Tag: Ireland

Irish DPC updates Guidance on Data Processing’s Legal Bases

17. December 2019

The Irish Data Protection Commission (DPC) has updated their guidance on the legal bases for personal data processing. It focuses on data processing under the European General Data Protection Regulation (GDPR) as well as data processing requirements under the European Law Enforcement Directive.

The main points of the updates to the guidance are to make companies more sensitive of their reasons for processing personal data and choosing the right legal basis, as well as ensure that data subjects may be able to figure out if their data is being processed lawfully.

The guidance focuses on the different legal bases in Art.6 GDPR, namely consent, contracts, legal obligation, vital interests, public task or legitimate interests. The Irish DPC states that controllers do not only have to choose the right legal basis, but they also have to understand the obligations that come with the chosen one, which is why they wanted to go into further detail.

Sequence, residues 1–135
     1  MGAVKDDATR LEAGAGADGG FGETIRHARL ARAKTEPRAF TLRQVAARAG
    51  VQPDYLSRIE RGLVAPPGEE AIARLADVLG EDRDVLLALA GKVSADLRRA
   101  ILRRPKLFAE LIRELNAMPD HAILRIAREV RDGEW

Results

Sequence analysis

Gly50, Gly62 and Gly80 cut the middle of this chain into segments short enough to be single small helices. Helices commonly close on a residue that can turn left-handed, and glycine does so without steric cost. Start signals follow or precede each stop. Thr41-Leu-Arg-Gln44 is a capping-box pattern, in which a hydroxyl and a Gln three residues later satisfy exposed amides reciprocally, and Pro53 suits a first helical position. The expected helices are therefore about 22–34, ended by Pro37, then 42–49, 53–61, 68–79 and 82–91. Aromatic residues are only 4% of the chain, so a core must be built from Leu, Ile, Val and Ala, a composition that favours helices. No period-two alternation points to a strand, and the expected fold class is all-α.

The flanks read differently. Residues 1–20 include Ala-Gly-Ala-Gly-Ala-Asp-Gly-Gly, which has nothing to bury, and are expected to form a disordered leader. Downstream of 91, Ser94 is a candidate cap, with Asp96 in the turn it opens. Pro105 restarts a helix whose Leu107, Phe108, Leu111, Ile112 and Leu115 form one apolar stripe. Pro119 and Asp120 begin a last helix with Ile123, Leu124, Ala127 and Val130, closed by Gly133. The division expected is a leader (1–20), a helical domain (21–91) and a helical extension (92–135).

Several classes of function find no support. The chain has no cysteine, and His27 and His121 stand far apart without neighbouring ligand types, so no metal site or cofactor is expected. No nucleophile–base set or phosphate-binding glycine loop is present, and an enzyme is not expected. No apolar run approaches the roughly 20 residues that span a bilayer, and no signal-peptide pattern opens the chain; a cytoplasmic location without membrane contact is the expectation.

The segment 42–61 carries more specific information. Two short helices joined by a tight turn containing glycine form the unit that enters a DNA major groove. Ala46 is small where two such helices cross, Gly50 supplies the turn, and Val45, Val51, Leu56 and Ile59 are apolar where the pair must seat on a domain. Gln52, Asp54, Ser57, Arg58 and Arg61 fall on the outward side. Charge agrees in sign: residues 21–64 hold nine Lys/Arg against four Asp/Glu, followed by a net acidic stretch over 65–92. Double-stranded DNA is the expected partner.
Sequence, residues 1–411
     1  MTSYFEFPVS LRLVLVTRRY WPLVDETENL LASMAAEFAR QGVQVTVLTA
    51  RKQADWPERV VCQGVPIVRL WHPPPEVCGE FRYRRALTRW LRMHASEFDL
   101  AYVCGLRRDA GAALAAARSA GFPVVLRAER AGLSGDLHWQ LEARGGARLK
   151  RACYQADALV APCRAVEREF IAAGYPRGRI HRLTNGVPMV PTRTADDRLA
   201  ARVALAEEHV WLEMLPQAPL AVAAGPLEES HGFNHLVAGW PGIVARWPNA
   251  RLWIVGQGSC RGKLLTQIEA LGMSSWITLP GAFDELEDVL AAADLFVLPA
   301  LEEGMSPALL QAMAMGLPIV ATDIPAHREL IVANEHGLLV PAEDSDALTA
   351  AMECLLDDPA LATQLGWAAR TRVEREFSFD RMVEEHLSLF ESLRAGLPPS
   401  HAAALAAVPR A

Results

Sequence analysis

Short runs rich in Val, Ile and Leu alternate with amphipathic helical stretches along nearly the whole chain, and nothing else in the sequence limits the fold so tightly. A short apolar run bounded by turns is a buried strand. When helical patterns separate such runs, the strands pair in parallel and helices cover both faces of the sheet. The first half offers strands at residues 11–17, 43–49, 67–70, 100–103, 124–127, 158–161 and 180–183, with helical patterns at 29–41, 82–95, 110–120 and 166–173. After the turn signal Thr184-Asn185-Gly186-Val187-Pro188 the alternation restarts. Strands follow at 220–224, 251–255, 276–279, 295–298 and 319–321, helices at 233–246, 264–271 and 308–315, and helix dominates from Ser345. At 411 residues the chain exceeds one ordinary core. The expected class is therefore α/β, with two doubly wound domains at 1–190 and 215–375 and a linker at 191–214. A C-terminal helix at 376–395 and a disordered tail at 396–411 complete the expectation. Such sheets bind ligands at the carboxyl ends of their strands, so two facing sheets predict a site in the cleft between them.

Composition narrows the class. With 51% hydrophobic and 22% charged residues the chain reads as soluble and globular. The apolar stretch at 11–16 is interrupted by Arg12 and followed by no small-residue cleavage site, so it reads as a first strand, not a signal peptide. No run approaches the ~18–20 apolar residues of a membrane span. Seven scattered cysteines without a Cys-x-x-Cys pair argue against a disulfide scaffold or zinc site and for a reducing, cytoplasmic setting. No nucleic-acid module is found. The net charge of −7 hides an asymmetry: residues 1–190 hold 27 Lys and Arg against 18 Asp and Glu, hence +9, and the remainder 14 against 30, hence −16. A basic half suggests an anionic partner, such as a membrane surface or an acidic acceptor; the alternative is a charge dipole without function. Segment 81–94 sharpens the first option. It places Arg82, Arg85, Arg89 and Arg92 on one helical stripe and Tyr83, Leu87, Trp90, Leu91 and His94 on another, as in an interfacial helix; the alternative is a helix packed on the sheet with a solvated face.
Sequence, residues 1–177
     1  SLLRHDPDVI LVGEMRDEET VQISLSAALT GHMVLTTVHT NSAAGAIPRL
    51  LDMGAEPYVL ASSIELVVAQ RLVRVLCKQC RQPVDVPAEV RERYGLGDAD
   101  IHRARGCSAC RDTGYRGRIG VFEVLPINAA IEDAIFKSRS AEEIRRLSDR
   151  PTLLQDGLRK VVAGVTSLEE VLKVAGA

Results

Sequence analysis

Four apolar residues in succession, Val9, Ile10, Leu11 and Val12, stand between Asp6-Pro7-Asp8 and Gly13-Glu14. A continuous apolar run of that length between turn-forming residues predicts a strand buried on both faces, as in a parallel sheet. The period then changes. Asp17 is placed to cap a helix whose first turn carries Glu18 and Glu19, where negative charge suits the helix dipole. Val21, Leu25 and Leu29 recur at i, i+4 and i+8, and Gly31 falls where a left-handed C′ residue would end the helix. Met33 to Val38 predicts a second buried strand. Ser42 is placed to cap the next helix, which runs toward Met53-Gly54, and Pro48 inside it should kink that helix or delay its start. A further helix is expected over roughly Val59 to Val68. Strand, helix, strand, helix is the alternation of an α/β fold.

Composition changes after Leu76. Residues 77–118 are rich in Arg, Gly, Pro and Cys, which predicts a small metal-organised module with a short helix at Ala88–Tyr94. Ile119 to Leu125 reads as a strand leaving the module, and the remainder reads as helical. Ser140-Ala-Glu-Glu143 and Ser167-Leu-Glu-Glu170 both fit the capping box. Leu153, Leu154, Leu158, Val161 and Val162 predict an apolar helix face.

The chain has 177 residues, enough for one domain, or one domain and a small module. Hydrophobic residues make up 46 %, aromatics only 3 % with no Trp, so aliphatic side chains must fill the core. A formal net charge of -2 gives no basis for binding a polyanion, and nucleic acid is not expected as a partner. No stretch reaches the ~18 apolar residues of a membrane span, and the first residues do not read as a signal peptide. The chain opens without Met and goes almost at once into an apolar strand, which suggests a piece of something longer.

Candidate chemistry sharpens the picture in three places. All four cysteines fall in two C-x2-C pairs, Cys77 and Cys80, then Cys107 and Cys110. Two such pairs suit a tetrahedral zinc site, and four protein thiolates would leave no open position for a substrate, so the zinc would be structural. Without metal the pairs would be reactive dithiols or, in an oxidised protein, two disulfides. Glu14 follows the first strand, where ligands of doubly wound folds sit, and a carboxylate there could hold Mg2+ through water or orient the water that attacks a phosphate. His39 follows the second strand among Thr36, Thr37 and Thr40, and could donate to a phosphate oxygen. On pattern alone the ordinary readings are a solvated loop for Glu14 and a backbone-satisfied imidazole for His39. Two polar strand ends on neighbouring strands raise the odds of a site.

Overall, the guidance is made to aid both controllers and data subjects. It consists of a way to support a better understanding of the terminology, as well as the legal requirements the GDPR sets out for processing personal data.

Advocate General’s opinion on “Schrems II” is delayed

11. December 2019

The Court of Justice of the European Union (CJEU) Advocate General’s opinion in the case C-311/18 (‘Facebook Ireland and Schrems’) will be released on December 19, 2019. Originally, the CJEU announced that the opinion of the Advocate General in this case, Henrik Saugmandsgaard Øe, would be released on December 12, 2019. The CJEU did not provide a reason for this delay.